[Noisebridge-discuss] Massive LED Project at Noisebridge needs your help!

Mitch Altman maltman23 at hotmail.com
Sat Nov 1 21:22:31 UTC 2014


Greetings from China! 

I'm now in Beijing.  I'll be in Shenzhen in 10-November, and will buy a many RGB panels so I have donations to cover.  So far I have $90, for about 10 panels.  

10 panels will look cool, but we'll need more than that to make an awesome wall! 

Please donate more!  And I'll buy enough for an awesome wall (and more!)! 

Here's my PayPal account:
     maltman23 at hotmail.com 

Thanks, 
Mitch. 

From: sundquistjames at gmail.com
Date: Fri, 31 Oct 2014 13:44:40 -0700
CC: noisebridge-discuss at lists.noisebridge.net
Subject: Re: [Noisebridge-discuss] Massive LED Project at Noisebridge needs your help!

Hey all,

  PayPal donation info is available for anyone wanting to donate to Mitch directly as he makes the flight to China; note the directions on the wiki page avoid any fees.  Thank you so much for your donations in making this project a reality!

https://noisebridge.net/wiki/LED

On Wed, Oct 22, 2014 at 1:45 PM, Dan Cote <terminationshok at gmail.com> wrote:
I have a few pixelpusher installations out, and some open software that can drive any pixel tech. You wanna locate your pixels close to the power supply or else you end up with ridiculous thick wire gauges. Don't use atx power supplies.
Diffusion is key. If you don't diffuse, the light is coming from points. They hurt to look at. With diffusion, the light is spread out and better looking.
Here is a low res (40*12) video wall with wax on acrylic that we made with 36mm pixels. They are 12v, and you can use server power bricks (12v only) to run them. It was around $500 for the pixels. They use 2801 chips.
https://www.youtube.com/watch?v=a0-NG26shxg
https://www.youtube.com/watch?v=GTs0EQAq1_c

http://www.alibaba.com/product-detail/36mm-2801-led-pixel-wall-light_664267133.html

On Wed, Oct 22, 2014 at 12:14 PM, Henner Zeller <h.zeller at acm.org> wrote:
On 22 October 2014 11:32, Andy Isaacson <adi at hexapodia.org> wrote:

> On Wed, Oct 22, 2014 at 11:04:52AM -0700, James Sundquist wrote:

>> Dana and I have a grand idea for setting up easily programmable LED

>> displays at Noisebridge in a massive matrix. What we need are donations of

>> panels, which will be purchased and shipped by Mitch on his China trip. See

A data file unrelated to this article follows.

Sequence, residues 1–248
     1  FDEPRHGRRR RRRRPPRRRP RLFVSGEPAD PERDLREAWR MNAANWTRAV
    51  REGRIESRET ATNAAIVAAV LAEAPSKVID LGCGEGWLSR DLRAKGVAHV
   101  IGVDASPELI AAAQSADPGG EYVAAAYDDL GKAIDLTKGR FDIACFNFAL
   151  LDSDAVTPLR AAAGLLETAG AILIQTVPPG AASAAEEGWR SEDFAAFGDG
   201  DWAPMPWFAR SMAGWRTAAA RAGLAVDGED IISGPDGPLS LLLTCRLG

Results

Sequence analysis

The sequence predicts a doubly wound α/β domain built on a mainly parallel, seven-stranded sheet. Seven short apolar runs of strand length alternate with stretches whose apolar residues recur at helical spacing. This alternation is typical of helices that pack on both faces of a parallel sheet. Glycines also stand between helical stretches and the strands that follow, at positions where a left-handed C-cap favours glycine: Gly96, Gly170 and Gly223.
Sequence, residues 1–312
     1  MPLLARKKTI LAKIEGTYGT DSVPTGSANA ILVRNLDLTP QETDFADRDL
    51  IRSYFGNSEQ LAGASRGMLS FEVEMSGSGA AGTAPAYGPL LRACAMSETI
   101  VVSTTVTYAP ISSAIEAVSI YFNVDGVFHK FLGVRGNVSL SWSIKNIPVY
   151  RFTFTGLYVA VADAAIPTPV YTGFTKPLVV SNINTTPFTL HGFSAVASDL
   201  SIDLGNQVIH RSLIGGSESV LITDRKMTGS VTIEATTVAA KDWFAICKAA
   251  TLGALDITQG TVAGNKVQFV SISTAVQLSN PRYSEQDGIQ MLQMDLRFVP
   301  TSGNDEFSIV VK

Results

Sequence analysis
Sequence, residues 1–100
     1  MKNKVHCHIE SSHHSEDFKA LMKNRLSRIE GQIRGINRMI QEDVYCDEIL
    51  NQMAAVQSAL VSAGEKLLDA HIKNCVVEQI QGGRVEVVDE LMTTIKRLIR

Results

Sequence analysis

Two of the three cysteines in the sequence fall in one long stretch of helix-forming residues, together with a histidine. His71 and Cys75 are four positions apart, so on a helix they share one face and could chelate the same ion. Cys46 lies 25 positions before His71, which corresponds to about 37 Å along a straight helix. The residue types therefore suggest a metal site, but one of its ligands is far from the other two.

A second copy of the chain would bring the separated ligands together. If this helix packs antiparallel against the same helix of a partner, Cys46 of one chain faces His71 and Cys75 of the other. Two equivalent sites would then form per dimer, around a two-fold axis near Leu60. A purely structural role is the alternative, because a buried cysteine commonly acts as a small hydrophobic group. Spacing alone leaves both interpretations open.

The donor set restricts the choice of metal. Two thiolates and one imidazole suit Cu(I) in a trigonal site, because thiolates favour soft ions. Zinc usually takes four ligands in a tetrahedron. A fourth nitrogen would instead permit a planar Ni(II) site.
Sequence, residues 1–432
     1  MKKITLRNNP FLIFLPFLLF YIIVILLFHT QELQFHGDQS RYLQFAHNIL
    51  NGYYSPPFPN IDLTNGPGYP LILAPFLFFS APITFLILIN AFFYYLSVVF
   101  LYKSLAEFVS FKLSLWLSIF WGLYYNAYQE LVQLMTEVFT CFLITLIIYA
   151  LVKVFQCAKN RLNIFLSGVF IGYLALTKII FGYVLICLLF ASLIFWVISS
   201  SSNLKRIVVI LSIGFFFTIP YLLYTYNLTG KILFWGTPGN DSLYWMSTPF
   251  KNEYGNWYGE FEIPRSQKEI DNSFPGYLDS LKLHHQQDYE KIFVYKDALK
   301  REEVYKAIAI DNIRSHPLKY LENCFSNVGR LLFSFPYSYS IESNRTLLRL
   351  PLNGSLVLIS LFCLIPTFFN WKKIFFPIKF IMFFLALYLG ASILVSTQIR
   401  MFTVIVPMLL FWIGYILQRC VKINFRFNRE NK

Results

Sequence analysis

>> our nicely organized wiki page for details, source code, and more info.

>>

>> https://noisebridge.net/wiki/LED

>

> Awesome idea, awesome project!



+1.



(Though I am biased and would suggest to use the RPi version

   https://github.com/hzeller/rpi-rgb-led-matrix

 it has one realtime challenge right now that I'd like to fix using DMA,

 but it would have the advantage that it would be a thing made by a local

 Noisebridger. The DMA thing is on my list as soon as the access control

is finished)



>

> A few suggestions, note that this is totally not backseat driving and

> y'all should totally do the thing whatever way works for you. :)

>

> 1. Consider getting WS2812 pixels rather than cheaper knockoffs, and

> driving them with Fadecandy http://www.adafruit.com/products/1689 rather

> than other solutions.  Fadecandy has truly incredibly beautiful

> dithering, giving much much nicer subtle color gradients compared to

> straight PWM systems.  Micah (aka @scanlime, creator of Fadecandy) has a

> really nice installation of Fadecandy open to the public sidewalk at 80

> Turk St in the Tenderloin, and if you check it out at evening and then

> walk over to Yerba Buena Gardens and check out their currently installed

> non-Fadecandy LED art you can really tell the difference.



The WS2812 are way more expensive per pixel than the $20 32x32 RGB matrices



>

> However I see you're aiming at doing video, which I don't know if that

> is very well supported with fadecandy; would require additional

> research.



There is also PixelPusher.



>

> 2. Don't use an ATX power supply, get an appropriate 5V power supply

> that's properly sized for the application.  It'll be cheaper, overall,

> and easier, and save power.



+1. The Panels use a _lot_ of current. A 32x32 panel needs 3.4A tops, and there

are already  40A+ 5V power supplies readily made for these kind of

things (on ebay

in the $20-30 range). ATX power supplies typically only have 20-25A on

the 5V rail, and

useless 12V and -12V rails.



> 3. the LED wall panels are somewhat expensive per pixel, last I looked.

> It can be cheaper to get the flex-pcb strips and mount them to panels

> yourself, then mount diffuser panels appropriately.



Not sure about that.



-h



>

> -andy

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